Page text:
New Zealand and High Confidence Essay

Submitted By preeti202
Words: 608
Pages: 3

Australia and New Zealand are already experiencing impacts from recent climate change (high confidence). These are now evident in increasing stresses on water supply and agriculture, changed natural ecosystems, reduced seasonal snow cover, and glacier shrinkage [11.2.1, 11.2.3]. Some adaptation has already occurred in response to observed climate change (high confidence).
Examples come from sectors such as water, natural ecosystems, agriculture, horticulture and coasts [11.2.5]. However, ongoing vulnerability to extreme events is demonstrated by substantial economic losses caused by droughts, floods, fire, tropical cyclones and hail [11.2.2]. The climate of the 21st century is virtually certain to be warmer, with changes in extreme events. Heatwaves and fires are virtually certain to increase in intensity and frequency (high confidence). Floods, landslides, droughts and storm surges are very likely to become more frequent and intense, and snow and frost are very likely to become less frequent (high confidence). Large areas of mainland Australia and eastern New Zealand are likely to have less soil moisture, although western New Zealand is likely to receive more rain (medium confidence) [11.3.1].
Potential impacts of climate change are likely to be substantial without further adaptation.
• As a result of reduced precipitation and increase evaporation, water security problems are projected to intensify by 2030 in southern and eastern Australia and, in New Zealand, in Northland and some eastern regions (high confidence) [11.4.1].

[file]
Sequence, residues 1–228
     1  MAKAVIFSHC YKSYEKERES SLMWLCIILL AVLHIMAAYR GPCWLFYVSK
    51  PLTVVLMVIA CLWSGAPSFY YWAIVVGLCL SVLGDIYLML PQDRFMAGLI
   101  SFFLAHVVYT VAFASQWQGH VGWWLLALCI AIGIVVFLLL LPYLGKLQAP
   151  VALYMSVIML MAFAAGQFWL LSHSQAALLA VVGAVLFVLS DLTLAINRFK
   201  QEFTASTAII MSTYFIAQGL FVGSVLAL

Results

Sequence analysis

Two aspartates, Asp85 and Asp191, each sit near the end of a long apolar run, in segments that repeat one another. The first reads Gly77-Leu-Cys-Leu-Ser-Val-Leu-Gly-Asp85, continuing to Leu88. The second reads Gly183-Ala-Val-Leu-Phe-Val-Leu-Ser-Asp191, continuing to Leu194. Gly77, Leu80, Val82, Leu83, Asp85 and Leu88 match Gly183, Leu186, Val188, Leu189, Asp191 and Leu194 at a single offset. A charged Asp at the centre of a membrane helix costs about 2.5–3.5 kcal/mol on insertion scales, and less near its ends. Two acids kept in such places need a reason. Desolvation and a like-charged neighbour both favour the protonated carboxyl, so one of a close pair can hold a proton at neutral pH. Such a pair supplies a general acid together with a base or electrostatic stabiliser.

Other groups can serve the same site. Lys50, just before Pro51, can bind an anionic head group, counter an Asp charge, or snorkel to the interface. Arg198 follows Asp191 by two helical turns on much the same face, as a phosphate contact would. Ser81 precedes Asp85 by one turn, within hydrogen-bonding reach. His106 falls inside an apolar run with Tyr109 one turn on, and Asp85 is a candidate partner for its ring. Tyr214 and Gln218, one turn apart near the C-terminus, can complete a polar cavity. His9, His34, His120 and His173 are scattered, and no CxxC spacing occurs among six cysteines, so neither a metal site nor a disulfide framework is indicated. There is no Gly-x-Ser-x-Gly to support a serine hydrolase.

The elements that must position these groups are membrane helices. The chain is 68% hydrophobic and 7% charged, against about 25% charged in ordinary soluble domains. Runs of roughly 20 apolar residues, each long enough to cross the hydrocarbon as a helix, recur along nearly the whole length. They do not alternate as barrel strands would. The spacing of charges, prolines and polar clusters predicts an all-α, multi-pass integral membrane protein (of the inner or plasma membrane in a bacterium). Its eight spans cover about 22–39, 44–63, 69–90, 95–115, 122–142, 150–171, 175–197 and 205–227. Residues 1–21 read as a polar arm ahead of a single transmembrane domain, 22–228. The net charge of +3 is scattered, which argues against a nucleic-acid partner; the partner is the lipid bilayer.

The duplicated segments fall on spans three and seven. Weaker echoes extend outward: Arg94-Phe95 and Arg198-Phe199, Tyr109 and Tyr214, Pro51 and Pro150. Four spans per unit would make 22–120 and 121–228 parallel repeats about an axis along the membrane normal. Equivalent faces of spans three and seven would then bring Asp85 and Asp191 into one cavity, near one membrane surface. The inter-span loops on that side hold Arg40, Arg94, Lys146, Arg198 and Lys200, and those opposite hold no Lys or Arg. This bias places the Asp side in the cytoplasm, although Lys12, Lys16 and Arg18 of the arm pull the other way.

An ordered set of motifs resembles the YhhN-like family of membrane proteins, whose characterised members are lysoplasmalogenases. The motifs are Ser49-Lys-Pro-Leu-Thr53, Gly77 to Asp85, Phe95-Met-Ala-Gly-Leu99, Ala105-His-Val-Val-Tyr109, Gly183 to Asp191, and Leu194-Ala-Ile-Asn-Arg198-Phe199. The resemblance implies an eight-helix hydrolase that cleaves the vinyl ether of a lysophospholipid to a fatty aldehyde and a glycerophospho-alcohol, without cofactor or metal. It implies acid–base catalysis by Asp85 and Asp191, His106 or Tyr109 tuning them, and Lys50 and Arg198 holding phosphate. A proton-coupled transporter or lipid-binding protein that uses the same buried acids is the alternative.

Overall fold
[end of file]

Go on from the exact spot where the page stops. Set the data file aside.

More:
• Ongoing coastal development and population growth, in areas such as Cairns and south-east Queensland (Australia) and Northland to Bay of Plenty (New Zealand), are projected to exacerbate risks from sea-level rise and increases in the severity and frequency of storms and coastal flooding by 2050 (high confidence) [11.4.5, 11.4.7].
• Significant loss of biodiversity is projected to occur by 2020 in some ecologically rich sites, including the Great Barrier Reef and Queensland Wet Tropics. Other sites at risk include Kakadu wetlands, south-west Australia, subAntarctic islands and alpine areas of both countries (very high confidence) [11.4.2].
• Risks to major infrastructure are likely to increase. By 2030, design criteria for extreme events are very likely to be exceeded more frequently. Risks include failure of floodplain protection and urban drainage/sewerage, increased storm and fire damage, and more heatwaves, causing more deaths and more blackouts (high confidence) [11.4.1, 11.4.5, 11.4.7, 11.4.10, 11.4.11].
• Production from agriculture and forestry is projected to decline by 2030 over much of southern and eastern Australia, and over parts of eastern New Zealand, due to increased drought and fire. However, in New Zealand, initial benefits to agriculture and forestry are projected in western and southern areas and close to major rivers due to a longer growing season, less frost and increased